Today many new issues are arising which need urgent attention of jurists with modern vision. There is question of transplantation of organs, of surrogate mothers, of test tube babies, of euthanasia, of cloning etc. which need Islamic answers for many conscientious Muslims. The traditional jurists denounce all this mechanically. Apart from questions of technology these issues involve questions of ethics and morality. But one can find Islamic answers to these issues only in countries where culture of freedom prevails. When cloning was being discussed when Dolly, a cloned sheep was created the Saudi jurists issued very harsh fatwa against it dubbing it as not only as immoral but also as interference in the domain of Allah who is the only creator. I am not advocating cloning here but only drawing attention to how conservative jurists think. They did not take questions of ethics or morality into account but denounced it as interference in Allah's domain. Every new technology was more or less denounced by Islamic jurists and then accepted. Technology has almost mastered cloning but moral and ethical question remain unanswered. It is the duty of Islamic jurists to provide these answers in a rational way.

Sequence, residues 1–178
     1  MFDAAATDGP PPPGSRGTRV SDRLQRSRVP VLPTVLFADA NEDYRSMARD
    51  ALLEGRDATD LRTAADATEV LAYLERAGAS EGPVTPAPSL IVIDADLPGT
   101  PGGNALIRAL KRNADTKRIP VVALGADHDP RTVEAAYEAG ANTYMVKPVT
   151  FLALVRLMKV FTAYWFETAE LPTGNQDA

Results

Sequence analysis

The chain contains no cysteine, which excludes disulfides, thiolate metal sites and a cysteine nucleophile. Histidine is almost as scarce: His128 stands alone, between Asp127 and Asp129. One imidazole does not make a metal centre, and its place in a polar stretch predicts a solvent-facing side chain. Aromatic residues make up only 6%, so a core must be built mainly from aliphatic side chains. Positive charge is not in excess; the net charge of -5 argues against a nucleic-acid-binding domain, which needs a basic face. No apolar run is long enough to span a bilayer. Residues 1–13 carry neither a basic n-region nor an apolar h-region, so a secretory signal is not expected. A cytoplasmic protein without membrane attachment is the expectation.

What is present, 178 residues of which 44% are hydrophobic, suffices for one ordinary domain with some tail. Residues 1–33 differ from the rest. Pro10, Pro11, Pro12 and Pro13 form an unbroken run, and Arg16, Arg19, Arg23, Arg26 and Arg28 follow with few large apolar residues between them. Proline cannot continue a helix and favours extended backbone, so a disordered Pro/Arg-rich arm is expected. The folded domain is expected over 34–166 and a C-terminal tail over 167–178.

Thus what is needed is to de-feudalize Islam and restore its progressive spirit. The world of Islam, which is entering the post-modern world, is in fact caught in the contradictory situation. On one hand it is modernizing at a fast pace; on the other, it is struggling to keep its feudal identity, resisting change. The dilemma is that it admits change in economic and technological fields, it struggles to retain its primordial character in the theological field. The Islamic world has not been able to successfully resolve this dilemma. It requires creative and critical thinking in theological field too. Firstly, the theologians are ill equipped to do so and secondly such a theological milieu does not exist in Islamic countries. But my experience with the Islamic countries shows that it is a matter of time. The change is inevitable and the process is on. Its pace is rather slow. But there is no way to accelerate it, as the people cannot absorb the rapid change in religious matters. Even in the Western Christianity, only few churches have accepted female priests. When the Anglican Church permitted ordination of female priests some Anglican bishops preferred to convert to Catholic Christianity rather than accept it. It is even more difficult in case of Muslim world. But change is on the agenda in Islamic world too.